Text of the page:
By Gabe Mirkin MD, July 29, 2011  —  When foods are cooked at temperatures above that of boiling water (100 C or 212F), sugar sticks to proteins and fats to form chemicals called Advanced Glycation End Products (AGEs).


Eating food cooked at high temperatures markedly elevates tissue,

blood and urine levels of AGEs to increase risk for; diseases of

inflammation such as cancers, arteriosclerosis, asthma, arthritis,

diabetes, Alzheimer’s Disease, heart attacks and strokes; damage

to the eyes and kidneys, and conditions such as cataracts, gum

infections, nerve damage and muscle injuries in athletes.


HOW AGEs FORM IN FOODS: When carbohydrates (chains of

sugars) are cooked with proteins or fats at high temperatures and

WITHOUT WATER, sugar binds to proteins or fats to form AGEs. When

carbohydrates are cooked in water, they do not attach to protein

and fat. Browning during cooking is a sign that AGEs are being

formed. AGEs are found in grilled, roasted, broiled, fried or

baked foods, and in coffee (made from roasted coffee beans).


YOUR BODY ALSO MAKES AGEs whenever your blood sugar level

rises too high.  This is most likely to happen when you eat sugary

foods and become inactive after eating.  A high rise in blood

sugar causes sugar to stick to cell membranes. Once there, sugar

cannot get off and eventually destroys the involved cells. Blood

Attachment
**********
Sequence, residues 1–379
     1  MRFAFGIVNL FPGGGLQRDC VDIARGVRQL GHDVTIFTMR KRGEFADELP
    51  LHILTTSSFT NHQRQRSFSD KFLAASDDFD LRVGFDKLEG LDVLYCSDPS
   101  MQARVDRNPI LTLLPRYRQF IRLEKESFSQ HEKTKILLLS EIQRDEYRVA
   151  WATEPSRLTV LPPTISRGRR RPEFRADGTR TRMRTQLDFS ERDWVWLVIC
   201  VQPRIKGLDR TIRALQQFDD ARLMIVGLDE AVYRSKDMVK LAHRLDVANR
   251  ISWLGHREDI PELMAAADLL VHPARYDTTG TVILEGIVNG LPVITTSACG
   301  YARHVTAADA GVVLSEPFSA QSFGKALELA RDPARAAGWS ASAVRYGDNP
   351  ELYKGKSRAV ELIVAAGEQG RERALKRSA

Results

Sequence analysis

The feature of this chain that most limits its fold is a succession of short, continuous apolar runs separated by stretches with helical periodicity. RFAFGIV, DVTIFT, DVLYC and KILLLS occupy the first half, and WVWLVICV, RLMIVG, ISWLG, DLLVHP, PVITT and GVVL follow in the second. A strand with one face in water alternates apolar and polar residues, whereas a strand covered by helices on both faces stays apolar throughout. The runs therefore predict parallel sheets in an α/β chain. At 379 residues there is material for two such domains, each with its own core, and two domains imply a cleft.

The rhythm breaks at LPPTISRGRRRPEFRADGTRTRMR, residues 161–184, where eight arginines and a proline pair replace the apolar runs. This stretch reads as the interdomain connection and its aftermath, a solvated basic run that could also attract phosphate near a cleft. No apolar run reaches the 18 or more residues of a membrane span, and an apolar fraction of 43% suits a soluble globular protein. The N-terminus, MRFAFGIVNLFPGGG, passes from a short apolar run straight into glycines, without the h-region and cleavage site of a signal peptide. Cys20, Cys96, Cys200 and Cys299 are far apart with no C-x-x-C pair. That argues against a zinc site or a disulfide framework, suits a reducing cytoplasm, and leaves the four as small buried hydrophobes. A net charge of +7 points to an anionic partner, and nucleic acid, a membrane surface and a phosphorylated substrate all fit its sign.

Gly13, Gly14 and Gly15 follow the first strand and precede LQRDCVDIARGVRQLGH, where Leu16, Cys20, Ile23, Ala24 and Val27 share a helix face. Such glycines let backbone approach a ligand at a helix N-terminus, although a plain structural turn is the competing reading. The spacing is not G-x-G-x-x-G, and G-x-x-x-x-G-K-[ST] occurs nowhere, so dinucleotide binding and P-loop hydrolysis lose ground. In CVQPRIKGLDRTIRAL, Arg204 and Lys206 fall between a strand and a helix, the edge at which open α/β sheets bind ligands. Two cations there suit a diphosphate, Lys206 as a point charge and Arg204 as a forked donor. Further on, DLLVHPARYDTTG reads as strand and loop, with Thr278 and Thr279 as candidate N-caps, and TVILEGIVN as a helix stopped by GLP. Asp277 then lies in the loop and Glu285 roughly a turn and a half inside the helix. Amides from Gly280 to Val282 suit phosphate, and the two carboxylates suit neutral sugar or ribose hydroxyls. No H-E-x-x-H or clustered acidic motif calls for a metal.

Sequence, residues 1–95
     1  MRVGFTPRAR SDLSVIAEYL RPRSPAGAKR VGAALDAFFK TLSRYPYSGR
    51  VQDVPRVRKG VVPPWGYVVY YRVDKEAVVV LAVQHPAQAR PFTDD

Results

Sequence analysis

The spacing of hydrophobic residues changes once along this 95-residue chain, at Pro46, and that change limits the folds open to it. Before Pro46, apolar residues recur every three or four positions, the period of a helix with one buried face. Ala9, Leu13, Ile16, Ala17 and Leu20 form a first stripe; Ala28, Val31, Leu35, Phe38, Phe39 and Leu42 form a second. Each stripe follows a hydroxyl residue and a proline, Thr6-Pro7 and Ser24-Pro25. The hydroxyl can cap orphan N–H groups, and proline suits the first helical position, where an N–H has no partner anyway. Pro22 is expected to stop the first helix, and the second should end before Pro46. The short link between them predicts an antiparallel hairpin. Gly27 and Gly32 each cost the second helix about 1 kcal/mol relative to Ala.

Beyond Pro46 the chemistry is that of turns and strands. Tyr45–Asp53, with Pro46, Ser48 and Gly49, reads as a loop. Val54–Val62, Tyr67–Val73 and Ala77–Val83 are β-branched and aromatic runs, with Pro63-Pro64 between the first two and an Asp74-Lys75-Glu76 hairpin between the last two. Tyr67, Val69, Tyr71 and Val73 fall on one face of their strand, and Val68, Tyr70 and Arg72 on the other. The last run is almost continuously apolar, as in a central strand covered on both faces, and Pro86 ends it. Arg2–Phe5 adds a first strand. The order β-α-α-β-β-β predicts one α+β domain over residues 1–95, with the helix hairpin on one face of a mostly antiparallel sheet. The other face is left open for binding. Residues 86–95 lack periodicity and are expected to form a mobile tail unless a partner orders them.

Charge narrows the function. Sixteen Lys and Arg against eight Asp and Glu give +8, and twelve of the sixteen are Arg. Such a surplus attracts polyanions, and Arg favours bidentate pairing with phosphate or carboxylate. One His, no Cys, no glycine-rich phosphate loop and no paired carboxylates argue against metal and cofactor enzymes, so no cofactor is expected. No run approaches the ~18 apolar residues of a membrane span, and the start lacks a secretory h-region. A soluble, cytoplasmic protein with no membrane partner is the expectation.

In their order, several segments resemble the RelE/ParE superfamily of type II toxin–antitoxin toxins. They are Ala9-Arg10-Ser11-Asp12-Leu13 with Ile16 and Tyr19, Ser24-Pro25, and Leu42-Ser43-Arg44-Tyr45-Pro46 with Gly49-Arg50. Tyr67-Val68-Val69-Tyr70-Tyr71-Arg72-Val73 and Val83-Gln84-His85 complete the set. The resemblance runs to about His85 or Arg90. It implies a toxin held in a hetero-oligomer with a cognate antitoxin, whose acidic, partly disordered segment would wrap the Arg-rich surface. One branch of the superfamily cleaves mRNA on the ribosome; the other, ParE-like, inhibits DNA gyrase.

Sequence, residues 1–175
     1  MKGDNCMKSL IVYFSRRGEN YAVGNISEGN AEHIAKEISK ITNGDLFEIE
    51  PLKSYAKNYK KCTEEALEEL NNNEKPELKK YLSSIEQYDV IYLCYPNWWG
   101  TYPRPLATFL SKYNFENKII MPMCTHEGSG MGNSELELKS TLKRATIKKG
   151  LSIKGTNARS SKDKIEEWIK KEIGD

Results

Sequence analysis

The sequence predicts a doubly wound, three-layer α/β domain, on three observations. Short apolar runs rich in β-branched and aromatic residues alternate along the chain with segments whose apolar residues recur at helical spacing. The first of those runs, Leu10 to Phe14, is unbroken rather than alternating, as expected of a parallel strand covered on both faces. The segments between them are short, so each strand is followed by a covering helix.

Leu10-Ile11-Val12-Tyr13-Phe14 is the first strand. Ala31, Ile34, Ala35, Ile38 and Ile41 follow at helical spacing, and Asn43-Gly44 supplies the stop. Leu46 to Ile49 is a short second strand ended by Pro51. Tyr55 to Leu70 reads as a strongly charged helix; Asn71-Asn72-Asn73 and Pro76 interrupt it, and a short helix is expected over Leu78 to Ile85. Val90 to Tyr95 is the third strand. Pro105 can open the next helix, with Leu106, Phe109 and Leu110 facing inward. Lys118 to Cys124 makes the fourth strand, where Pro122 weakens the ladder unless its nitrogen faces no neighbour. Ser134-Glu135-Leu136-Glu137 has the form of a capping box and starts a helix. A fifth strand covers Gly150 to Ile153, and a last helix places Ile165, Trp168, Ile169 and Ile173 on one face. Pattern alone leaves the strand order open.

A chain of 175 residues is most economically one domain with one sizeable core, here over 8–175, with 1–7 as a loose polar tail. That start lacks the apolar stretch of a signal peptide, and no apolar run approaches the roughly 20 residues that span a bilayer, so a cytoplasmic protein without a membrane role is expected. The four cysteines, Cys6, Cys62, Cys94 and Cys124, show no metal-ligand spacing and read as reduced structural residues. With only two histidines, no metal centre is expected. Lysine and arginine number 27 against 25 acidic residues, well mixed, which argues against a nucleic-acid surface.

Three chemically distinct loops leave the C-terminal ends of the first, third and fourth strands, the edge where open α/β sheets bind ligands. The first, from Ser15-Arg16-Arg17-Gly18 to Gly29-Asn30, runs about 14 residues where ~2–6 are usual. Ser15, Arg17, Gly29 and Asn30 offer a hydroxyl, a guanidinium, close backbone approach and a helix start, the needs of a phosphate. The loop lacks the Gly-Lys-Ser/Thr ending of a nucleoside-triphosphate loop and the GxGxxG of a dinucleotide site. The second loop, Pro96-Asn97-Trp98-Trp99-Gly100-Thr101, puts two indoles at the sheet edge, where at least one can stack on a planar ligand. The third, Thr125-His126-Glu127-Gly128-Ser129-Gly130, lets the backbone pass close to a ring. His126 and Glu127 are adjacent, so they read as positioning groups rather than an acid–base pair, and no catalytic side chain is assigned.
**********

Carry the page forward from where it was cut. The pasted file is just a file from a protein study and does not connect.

sugar levels rise after you eat.  If you exercise just before or

after you eat, contracting muscles can draw sugar from the

bloodstream without even needing insulin.




  • Avoid foods that cause a high rise in blood sugar, such as

sugared drinks and foods with added sugars


  • Eat plenty of foods that do not cause a high rise in blood

sugars such as raw, streamed or simmered vegetables and fruits.


  • Restrict processed carbohydrates such as foods made from flour

(bakery products and pastas),


  • Use water-based cooking methods whenever possible: steaming,

simmering, blanching or boiling.  Water prevents the sugars from

attaching to proteins and fats.


  • Limit or avoid brown-cooked foods: those that are grilled,

broiled, roasted, fried or baked.


References: Am J Clin Nutr, June 2011;  Am J Clin Nutr. May 2010,

Neurobiol Aging, May 21, 2009;  J Gerontol A Biol Sci Med Sci Sept

2010.  Source:



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